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Saturday, December 4, 2021

Tax evasion by professionals cause of poor domestic revenue

Commissioner–General of GRA,  Ammishaddai Owusu-AmoahCommissioner–General of GRA, Ammishaddai Owusu-Amoah

Data from the Ghana Revenue Authority (GRA) has shown that revenue generated from personal income tax has continuously seen a decline for the past five years – a situation that tax experts and authorities said can be partly blamed on the evasion of taxes by some professionals whose income are not captured in the tax books.

According to the GRA, between 2015 and 2020, the contribution of personal income tax fell from 2.1 percent to 1.22 percent – a situation that is affecting domestic revenue mobilization, as the country is among the continent’s economies with the poorest tax to GDP ratio.

Thus, tax expert and lecturer at the University of Ghana Law School, Dr. Abdallah Ali-Nakyea, has pointed a finger at his fellow professionals such as lawyers, accountants, architects, surveyors, among others – who though making a lot of income from their professions have those incomes captured under the informal economy due to the contractual nature of their work with clients.

“We the professionals pretend as if we are informal. We are not. In fact, I call us the formal-informal. My challenge is with professional bodies such as the Ghana Bar Association, the Institute of Chartered Accountants (CIT), the Chartered Institute of Taxation Ghana, and all the professional bodies whose members don’t pay taxes.

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“I have always been fought by my own people. How many of us have produced a tax clearance certificate before renewing our licenses,” Dr. Ali-Nakyea said at a forum recently organised by the CIT.

He recommended that professional bodies must insist that tax clearance certificates are made a requirement before licenses are renewed for professionals, in order to discourage tax evasion.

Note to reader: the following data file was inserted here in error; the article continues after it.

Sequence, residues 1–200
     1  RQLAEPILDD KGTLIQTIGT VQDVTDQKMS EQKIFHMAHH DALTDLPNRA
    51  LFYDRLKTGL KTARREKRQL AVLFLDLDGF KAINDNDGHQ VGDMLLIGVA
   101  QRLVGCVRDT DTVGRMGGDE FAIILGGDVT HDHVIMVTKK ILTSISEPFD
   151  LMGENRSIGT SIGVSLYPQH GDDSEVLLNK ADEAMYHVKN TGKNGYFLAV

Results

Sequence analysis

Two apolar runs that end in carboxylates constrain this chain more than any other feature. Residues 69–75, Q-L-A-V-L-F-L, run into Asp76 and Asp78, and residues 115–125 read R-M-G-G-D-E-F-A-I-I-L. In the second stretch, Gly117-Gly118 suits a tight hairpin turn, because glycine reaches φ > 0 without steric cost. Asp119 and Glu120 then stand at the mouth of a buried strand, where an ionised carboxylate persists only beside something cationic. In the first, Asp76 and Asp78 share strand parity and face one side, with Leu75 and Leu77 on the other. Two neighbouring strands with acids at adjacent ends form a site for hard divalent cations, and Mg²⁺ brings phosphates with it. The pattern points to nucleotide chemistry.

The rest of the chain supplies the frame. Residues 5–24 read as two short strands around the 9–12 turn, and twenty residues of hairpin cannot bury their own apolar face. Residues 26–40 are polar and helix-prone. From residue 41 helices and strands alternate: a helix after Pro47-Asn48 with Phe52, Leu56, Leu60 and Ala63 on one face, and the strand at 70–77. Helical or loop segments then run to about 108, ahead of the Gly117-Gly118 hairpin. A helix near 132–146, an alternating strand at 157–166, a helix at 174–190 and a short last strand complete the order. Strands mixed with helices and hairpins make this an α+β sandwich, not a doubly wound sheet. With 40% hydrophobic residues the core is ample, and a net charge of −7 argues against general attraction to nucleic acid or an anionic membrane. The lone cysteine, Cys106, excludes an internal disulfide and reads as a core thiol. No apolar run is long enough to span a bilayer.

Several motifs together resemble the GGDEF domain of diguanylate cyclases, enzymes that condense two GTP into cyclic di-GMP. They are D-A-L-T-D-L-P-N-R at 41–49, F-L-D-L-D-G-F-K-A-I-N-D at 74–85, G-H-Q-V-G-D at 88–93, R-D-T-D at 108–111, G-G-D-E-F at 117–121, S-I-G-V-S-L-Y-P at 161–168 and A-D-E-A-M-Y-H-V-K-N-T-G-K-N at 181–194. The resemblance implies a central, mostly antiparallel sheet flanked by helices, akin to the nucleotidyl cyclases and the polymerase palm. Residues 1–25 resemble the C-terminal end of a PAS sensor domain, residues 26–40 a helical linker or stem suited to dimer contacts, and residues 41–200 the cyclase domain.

“I will stress this: professionals are not informal workers, and if we refuse to pay taxes professional bodies should sack us.”

The country’s tax to GDP ratio is 13 percentage points lower than the average of 25 percent for middle-income countries – and far below the 20 percent minimum target for ECOWAS countries under the Eco currency system, to which Ghana is a signatory.

The ratio further compares unfavourably to peer countries such as South Africa and Kenya with 5-year tax-to-GDP ratio averages of 26 percent and 16 percent respectively, a situation that casts a grim outlook on efforts to recover from the pandemic’s devastation.

President worried

President Nana Addo Dankwa Akufo-Addo on Monday, September 13 warned professionals at the 2021 Bar Conference of the Ghana Bar Association that the GRA will soon crack the whip on professionals who evade taxes.

The president has expressed worry that legal professionals, who should know better, are the culprits in this situation.

Composition of personal income taxpayers

Even though the informal economy is said to constitute about 90 percent of the workforce in Ghana, according to the Ghana Statistical Service, professionals are said to control the highest value of income in that sector.

In 2020 Personal Income Tax amounted to GH¢413.5million, representing 1.22 percent of domestic revenue collection.

Commenting on the figure, Head of Audit-LTO at the GRA, Dr. Martin Yamborigya, said if the contribution had come strictly from informal workers such as traders and petty workers, the story would have been different.

“That is not the case. There are many professionals operating in this area we call the informal sector who are not contributing anything, and that is the biggest challenge,” he said.

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